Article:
Back in 2010, the North Korea Gymnastics Federation were found guilty of age falsification by the FIG. Gymnast Hong Su Jong came under investigastion for age falsification in October of 2010 after several discrepancies surfaced over her reported year of birth and age eligibility for senior competition.
After submitting three different dates of births for competition entries the FIG became suspicious, inititally issuing a 30 day ban from National and International competitions on October 6th 2010. This resulted in the Democratic People’s Republic of Korea (PRK) missing the 2010 World Championships in Rotterdam. PRK then had the chance to appeal this ruling, they did so, filing for an appeal on October 11th 2010. The appeal was then dismissed by the FIG on the grounds that the arguments and explanations provided did not justify a reconsideration of the provisional decision made by the President of the FIG Disciplinary Commission. The intitial 30 day ban was still in place.
On November 5th 2010, the FIG issued a two year ban to the PRK from any International competition, from October 6th 2010 to October 5th 2012, thus missing the 2012 London Olympic Games. Hong Su Jong was also banned from competing Nationally or Internationally with the federation fined 20,000 CHF.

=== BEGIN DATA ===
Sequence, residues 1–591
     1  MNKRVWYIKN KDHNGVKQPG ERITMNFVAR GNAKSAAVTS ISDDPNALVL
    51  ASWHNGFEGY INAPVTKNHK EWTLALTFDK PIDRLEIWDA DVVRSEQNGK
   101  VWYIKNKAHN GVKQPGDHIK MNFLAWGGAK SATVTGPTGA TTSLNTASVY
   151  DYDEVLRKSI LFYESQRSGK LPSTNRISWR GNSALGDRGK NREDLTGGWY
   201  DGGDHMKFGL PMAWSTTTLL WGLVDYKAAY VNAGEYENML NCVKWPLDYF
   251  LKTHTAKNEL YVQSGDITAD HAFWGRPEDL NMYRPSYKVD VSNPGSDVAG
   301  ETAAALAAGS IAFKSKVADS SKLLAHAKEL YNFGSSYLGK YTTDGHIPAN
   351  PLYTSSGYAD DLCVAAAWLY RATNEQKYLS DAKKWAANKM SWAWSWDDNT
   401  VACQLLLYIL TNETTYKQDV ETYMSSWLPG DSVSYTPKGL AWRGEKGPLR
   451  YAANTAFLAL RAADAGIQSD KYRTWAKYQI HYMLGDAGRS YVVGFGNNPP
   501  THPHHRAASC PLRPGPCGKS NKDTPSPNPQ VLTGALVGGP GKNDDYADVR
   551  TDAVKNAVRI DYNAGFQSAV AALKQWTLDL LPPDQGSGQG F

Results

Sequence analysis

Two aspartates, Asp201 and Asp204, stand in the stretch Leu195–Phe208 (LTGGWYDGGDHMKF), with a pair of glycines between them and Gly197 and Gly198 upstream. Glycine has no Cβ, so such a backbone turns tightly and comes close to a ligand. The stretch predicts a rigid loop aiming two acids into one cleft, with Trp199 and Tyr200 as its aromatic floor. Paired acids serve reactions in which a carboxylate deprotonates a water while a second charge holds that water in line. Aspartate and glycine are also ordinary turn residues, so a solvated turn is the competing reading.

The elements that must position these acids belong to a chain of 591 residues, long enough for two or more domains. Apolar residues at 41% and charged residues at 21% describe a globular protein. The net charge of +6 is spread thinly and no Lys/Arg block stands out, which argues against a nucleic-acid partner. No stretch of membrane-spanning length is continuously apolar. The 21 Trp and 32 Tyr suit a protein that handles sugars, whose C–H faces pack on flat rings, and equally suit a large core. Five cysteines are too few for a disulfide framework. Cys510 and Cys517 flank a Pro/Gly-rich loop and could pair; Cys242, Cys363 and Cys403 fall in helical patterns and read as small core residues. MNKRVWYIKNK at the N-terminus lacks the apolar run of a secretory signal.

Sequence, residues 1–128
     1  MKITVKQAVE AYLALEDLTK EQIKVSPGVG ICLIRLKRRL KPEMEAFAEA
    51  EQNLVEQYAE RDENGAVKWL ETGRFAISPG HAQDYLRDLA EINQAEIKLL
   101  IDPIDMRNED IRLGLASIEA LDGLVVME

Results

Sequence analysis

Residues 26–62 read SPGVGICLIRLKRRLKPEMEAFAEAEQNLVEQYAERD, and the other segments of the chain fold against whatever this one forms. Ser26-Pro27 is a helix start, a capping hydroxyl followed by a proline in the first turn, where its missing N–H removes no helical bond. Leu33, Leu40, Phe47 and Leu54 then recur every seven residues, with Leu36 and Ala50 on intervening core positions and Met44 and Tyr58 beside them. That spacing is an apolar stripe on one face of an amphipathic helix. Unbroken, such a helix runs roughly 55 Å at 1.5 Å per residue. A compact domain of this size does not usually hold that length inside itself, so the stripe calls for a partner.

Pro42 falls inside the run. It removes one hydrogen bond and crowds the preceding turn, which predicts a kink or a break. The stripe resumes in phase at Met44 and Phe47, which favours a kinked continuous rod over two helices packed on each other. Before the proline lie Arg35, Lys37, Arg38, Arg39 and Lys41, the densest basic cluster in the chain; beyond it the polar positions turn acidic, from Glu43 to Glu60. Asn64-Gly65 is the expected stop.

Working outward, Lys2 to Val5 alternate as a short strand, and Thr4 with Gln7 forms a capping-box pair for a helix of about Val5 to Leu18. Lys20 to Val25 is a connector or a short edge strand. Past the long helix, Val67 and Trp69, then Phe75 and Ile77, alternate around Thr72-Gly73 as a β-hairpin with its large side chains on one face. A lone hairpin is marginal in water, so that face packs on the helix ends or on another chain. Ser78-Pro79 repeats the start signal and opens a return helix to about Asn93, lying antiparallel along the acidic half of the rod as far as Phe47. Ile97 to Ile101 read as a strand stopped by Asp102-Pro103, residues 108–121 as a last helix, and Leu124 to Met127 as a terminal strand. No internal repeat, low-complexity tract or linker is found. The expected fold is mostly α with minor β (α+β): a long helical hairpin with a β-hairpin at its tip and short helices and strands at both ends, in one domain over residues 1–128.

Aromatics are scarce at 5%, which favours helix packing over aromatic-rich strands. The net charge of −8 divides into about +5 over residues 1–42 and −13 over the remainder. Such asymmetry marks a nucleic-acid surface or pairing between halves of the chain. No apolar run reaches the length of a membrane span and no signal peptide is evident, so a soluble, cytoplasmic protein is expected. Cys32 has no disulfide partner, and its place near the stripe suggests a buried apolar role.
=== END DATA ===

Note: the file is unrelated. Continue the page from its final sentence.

Little to nothing has been heard from PRK during this time period. It does beg the question, what do they have in the bag 2 years on? Without a World Championships this year, it’s unlikely that we will see PRK in international competition before the end of 2012. In the past, Korea have shown innovative skills such as the Pak Salto, named after Gyong Sil Pak who had the move verified into the Code of Points after her. You can see her perform it in the video below:
There was also Kim Gwang Suk after whom the “Counter Kim” bar release move was named – a Tkatchev-front flip toward the high bar. She was the 1991 Bars World Champion , winning the event with a perfect 10.0 score, the routine included the “Counter Kim”. Coincidentally, her 10.0 score on bars was the last perfect score ever awarded in a Gymnastics World Championships.
I’m excited to see the return of North Korea and hope that the two year ban has provided a firm lesson to them and that they have developed some new stars of the future.